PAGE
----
The southern/bayou-sounding “Palms of Opium” sounds like the sort of laid-back country-jam ZZ Top used to be known for.  It’s a refreshing blast of cold water on their fire of metal, and creates a surprising shade of complexity over JASON THE DRAGON that belies their chosen genre.  Likewise, the John Bonham-esque “March of the Biploar Bear” offers up an entertaining (albeit brief) interlude.

The best song on the album though, is “Homecoming” which is full of really interesting guitar work and home to the album’s most memorable riff.  JASON THE DRAGON then ends with a frogs ‘n banjo song “Whisky Creek,” which similar to “Palms of Opium” reminds us of the bands backwoods roots.  There’s something awesome about a hillbilly metal band, hearing it is like scratching an itch you didn’t even know you had.

Bravo, Weedeater! Please stop shooting yourself and make another album ASAP.

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New ZZ Top Song Is Pretty Radical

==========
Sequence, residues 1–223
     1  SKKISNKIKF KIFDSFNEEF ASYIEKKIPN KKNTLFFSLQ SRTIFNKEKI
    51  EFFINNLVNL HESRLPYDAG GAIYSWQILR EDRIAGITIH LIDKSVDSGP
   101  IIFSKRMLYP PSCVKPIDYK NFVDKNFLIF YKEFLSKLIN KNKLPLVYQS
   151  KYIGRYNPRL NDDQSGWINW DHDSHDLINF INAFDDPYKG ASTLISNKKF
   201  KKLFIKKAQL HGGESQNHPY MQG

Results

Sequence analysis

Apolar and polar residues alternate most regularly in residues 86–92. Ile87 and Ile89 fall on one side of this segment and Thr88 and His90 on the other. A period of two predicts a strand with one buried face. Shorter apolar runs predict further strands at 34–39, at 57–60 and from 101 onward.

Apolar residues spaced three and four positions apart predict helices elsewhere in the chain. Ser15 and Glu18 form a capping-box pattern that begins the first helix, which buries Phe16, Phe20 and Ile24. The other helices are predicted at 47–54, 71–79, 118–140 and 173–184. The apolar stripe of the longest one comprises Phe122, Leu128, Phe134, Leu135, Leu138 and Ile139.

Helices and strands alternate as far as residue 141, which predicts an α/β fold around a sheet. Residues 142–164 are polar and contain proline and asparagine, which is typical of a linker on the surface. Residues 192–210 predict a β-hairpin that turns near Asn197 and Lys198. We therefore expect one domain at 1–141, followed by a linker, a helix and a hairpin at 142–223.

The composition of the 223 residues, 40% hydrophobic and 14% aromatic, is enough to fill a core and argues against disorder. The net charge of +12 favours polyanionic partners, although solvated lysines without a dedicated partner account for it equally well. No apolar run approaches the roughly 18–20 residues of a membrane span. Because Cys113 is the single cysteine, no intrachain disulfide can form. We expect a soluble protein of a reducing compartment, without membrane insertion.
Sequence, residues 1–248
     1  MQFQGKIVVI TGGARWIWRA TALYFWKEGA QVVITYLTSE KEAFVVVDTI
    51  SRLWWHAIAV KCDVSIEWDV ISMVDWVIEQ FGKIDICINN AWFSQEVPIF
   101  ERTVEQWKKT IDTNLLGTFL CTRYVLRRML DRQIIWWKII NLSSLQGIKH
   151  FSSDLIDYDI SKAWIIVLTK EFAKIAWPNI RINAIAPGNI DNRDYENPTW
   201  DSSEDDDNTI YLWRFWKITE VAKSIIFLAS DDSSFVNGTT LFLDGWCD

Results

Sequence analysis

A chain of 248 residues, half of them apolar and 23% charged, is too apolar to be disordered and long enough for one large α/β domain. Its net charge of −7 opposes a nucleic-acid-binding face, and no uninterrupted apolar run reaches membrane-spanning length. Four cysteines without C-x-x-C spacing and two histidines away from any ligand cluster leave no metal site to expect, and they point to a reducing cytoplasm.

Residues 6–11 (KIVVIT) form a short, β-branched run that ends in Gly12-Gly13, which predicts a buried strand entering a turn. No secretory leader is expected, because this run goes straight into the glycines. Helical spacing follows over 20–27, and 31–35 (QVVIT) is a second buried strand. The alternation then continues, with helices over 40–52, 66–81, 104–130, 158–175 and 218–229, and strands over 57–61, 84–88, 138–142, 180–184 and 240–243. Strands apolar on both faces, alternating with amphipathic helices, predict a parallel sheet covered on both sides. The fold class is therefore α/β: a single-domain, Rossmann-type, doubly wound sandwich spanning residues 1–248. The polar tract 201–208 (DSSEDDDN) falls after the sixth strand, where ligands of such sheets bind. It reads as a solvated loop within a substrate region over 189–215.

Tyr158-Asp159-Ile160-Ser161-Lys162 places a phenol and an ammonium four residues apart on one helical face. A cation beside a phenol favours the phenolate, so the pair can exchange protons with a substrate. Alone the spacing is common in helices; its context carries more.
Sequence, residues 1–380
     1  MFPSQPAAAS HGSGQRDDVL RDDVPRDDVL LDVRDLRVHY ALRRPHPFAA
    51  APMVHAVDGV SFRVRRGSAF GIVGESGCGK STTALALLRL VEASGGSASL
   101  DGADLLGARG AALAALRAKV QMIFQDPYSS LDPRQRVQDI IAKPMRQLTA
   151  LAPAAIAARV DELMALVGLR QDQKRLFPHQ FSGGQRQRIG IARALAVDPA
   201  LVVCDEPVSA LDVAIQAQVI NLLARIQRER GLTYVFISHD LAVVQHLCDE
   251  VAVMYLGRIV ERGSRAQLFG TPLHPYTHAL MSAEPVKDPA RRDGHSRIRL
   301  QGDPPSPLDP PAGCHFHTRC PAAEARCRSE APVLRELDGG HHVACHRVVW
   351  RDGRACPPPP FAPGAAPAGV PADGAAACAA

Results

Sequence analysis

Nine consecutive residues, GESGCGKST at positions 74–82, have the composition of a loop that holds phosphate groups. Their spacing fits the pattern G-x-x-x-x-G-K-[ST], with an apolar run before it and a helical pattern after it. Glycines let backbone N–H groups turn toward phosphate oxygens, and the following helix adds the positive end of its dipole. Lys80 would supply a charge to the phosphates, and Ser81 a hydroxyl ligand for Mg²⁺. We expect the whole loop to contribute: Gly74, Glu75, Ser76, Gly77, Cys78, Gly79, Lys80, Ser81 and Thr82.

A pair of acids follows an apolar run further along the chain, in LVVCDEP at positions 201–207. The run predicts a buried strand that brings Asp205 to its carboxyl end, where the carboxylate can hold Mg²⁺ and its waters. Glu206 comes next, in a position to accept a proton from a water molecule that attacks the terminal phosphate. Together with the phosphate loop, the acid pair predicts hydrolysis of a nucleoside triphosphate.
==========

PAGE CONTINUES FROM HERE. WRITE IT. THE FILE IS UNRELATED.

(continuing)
Last Wednesday I packed a bag and hit the beach.  Vacations are fun, but long flights suck, which is why I always hit the local bookshop for some rock magazines before I go anywhere.  I tend to read books while in the air and nervously flip through magazines during the pre-boarding activities.  Anyway, I picked up the latest issues of my two all-time favorite rock ‘zines: MOJO and Classic Rock Magazine.  Both are British, come with a free promo CD, and are ridiculously expensive for this Missouri boy.   But despite the small fortune I had to shell out, they were both worth it (tangent: why are there no good American music magazines?).  Now that I’m home, I’ve been spending a little time with the promotional CD’s, which is a fun way to come-down from a vacation.